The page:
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Energy Transition Outlook

Energy efficiency powered by rapid electrification

High energy prices in 2022 have highlighted speed with which energy efficiency initiatives can significantly, and often permanently, ratchet down energy use and costs.

Removing inefficient and expensive energy practices is a defining feature of the energy transition over the next three decades and should be the top priority for individuals, companies, and governments focused on transitioning faster and on achieving energy security. 

The figure below plots energy intensity, population growth, and GDP per capita growth as annual average values within five-year intervals between now and 2050. After 2035, the reduction in energy intensity is stronger than the combined growth of population and GDP per capita. Hence, growth in global primary energy supply turns negative and primary energy supply peaks in the mid-2030s. 

ETO 2022 World energy intensity and annual reduction rate

Over our forecast period in which we foresee a doubling (107%) of global GDP and an 8% increase in primary energy consumption, energy intensity will be more than halved from 4.3 MJ/USD to 2.1 MJ/USD. In the 2040s, the intensity improvements taper off somewhat because, there will be fewer opportunities for further efficiency gains in power generation and energy end use. 

Rapid electrification powered by renewables is the core driver of accelerating energy efficiency in the next three decades. The typical thermal efficiency for utility-scale electrical generators is some 30 to 40% for coal and oil-fired plants, and up to 60% for combined-cycle gas-fired plants. In comparison, solar PV and wind generation are 100% efficient, and conversion losses as a percentage of input energy in power generation reduce from 51% in 2019 to 19% in 2050.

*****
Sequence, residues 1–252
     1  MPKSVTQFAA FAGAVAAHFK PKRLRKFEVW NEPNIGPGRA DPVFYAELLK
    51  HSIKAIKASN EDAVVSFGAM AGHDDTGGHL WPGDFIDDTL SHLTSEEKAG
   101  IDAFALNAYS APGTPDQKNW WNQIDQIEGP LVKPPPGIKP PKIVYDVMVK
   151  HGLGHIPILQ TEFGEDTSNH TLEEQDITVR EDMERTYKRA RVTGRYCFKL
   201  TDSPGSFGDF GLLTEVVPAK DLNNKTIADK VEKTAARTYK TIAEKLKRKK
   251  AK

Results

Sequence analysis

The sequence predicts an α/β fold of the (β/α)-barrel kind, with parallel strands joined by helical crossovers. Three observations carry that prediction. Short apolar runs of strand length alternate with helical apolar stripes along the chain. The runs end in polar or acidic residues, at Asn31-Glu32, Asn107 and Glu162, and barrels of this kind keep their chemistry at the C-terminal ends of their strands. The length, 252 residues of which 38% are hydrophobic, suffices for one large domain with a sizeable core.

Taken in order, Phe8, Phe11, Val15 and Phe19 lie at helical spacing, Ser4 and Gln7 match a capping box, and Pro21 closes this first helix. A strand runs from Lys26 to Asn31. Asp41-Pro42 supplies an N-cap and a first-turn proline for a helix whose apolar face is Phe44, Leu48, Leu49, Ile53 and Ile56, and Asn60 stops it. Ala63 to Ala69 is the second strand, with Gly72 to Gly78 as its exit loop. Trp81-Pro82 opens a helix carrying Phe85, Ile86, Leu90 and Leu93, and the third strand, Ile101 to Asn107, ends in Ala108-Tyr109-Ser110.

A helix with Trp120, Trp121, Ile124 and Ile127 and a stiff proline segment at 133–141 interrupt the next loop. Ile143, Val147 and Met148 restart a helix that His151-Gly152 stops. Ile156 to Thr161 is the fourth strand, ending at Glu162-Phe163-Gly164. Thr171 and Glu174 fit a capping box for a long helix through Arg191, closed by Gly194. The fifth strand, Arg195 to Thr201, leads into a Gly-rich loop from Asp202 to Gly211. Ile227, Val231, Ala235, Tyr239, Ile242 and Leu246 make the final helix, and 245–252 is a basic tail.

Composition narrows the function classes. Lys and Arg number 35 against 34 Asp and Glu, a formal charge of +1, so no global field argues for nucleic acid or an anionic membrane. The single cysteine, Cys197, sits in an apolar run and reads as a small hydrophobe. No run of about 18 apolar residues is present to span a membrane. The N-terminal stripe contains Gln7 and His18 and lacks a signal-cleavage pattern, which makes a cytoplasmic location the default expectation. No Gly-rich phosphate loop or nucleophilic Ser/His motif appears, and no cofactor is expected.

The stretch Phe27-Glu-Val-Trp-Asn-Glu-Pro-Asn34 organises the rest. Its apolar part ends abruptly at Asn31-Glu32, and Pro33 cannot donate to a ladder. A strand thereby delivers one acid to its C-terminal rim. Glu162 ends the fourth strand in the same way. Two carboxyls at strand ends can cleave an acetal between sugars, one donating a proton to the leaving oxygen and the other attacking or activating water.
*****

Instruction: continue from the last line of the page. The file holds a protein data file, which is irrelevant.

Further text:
Most end-use efficiencies are also linked to electrification, for example EVs, which are three to four times more efficient than ICEVs. We also take into account technology improvements resulting in better engine performance, hull hydrodynamics or insulation. We find that without expected efficiency gains in transport, buildings, and manufacturing, energy demand would be 65% higher than we forecast for 2050. 

There is potential to accelerate efficiencies beyond our forecast, but that will require new mandates from governments, action on demand side flexibility, and co-operation within industries on new standards and recommended practices.

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